But they never imagined their product would have any serious success, so they never really thought to try that. Instead, Learning Express, which is one of the nation’s largest toy stores now that Toys R Us is defunct, reached out to them. 

“I think they have a little over 100 stores throughout the U.S.,” Joe Whiteaker said. “They had heard about our slime and were wondering if we’d be willing to sell it wholesale.”

The brothers decided to give it a shot, just to see what would happen. 

What happened was that their slime was the outlet’s No. 2 best-selling toy. That led to more Learning Stores wanting the product, and then to other retail chains, including Hallmark. 

So many retailers have now reached out that the brothers aren’t accepting any new vendors. Instead, they are working on their processes to find ways to automate so they can continue to scale the business up.

The Whiteaker brothers have so far come up with more than 500 varieties of their Dope Slime. (Renee Jean, Cowboy State Daily)

Endless Variety And Fun

One of the keys to the brothers’ success with Dope Slime has been their seemingly endless variety of slimes. The business has so far generated more than 500 products.

“We typically come out with probably about 15 a month,” Joe Whiteaker said. “So, probably a little over 100, 150 new variations will come out within a year.”

Some ideas are suggestions from family and friends, but most are from Mark Whiteaker, who leads a three-man crew that makes all the slimes.

“A lot are just spin-offs of ones we have already made,” he said. “For example, we have a Lavender Dreams one, and then I made like a Blueberry Dreams one. So, some have, like, the same type and kind of the same name, but just a different color and scent.”

But others are based on social media trends Mark Whiteaker has spotted. Those tend to become some of the biggest sellers.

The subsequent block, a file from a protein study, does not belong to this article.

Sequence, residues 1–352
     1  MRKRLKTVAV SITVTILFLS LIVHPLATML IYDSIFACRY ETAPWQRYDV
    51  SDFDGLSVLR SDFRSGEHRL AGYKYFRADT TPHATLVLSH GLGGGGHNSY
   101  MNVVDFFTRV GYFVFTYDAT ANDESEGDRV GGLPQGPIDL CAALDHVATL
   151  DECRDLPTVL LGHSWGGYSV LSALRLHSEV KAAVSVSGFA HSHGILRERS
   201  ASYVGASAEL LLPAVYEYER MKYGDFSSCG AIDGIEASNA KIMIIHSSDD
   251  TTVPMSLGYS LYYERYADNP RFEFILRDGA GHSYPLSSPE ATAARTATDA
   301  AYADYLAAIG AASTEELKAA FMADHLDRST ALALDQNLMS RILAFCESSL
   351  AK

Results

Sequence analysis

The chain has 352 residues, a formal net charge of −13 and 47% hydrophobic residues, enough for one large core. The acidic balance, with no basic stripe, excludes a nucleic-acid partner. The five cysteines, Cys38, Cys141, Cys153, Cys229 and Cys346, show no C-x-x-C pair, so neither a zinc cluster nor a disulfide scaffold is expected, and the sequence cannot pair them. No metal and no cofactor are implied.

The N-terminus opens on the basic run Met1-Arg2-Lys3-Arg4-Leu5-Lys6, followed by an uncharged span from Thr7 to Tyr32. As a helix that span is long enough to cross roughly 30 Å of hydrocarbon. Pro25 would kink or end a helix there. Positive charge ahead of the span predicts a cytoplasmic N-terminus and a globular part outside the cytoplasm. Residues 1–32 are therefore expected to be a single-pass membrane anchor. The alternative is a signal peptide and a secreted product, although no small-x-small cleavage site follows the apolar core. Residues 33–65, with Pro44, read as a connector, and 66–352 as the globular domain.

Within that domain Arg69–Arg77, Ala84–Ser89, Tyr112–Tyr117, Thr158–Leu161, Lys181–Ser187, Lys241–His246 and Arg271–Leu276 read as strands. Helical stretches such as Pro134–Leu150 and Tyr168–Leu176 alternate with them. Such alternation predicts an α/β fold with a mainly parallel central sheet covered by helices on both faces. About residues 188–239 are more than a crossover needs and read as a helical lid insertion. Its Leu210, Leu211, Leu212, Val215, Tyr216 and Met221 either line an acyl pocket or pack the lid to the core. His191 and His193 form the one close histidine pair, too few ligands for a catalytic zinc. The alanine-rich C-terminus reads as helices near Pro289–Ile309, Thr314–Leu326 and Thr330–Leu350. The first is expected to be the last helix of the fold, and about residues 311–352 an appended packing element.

“When Fortnight was really trendy, we made lie a Loot Llama slime, which is part of that game, so certain things like that, just keeping on top of trends and seeing what is going on,” he said. 

The Loot llama slime is half purple and half teal with a lollipop charm and a llama charm hidden inside, as well as pink and blue sprinkles on top.

Another popular slime based on a social media trend is Whipped Coffee slime.

“If you’re familiar with TikTok, during COVID lockdowns this one thing called whipped coffee was really popular,” Mark Whiteaker said. “Everyone was making it on TikTok, so I decided to make this whipped coffee into a slime. That’s one of our like best-selling slimes, the Whipped Coffee.”

Forward Thinking

Like many businesses now, the Whiteaker brothers are wrestling with supply chain issues and inflation as they work on scaling up their business. That has meant planning things out far in advance to ensure they will have what they need to keep producing best sellers in a given time frame. 

“I’m already starting on Easter stuff,” Mark Whiteaker said.

Despite the challenges, both see a bright future ahead.

“Once we get into a spot where we can scale up manufacturing, we’re looking at expanding next year, and we have some exciting people that we would have been in talks with, like Claire’s for example,” Joe Whiteaker said. “Claire’s is a pretty big retailer, that’s like 1,500 retail locations.”

The key challenge, both brothers agree, will be scaling up without losing the high quality and creativity of the handmade slimes that brought them here. Quality is what differentiates Dope Slime from its closest competitors, particularly Chinese companies, which are making much cheaper versions of slime — but less creative and fun, with lower quality.

The pair feel up to the challenge.

“It’s fun,” Joe Whiteaker said. “You know, business is fun. You learn stuff every day, and it’s a challenge. That’s the thing I like the most about it. I love the business part of it.”

For Mark, though, it’s the challenge of making a new and trendy slime that beckons every day.

“There’s, like, over 10 different textures of slime, and they all feel significantly different than the other,” he said. 

Add in all the scents and glitters, and there’s an endless variety that always seems to satisfy. 

“It’s pretty fun making new ones,” Mark Whiteaker said. “And we have like really good fun scents that smell really good like Fruit Loops or any scent you could think of.”

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Renée Jean

Business and Tourism Reporter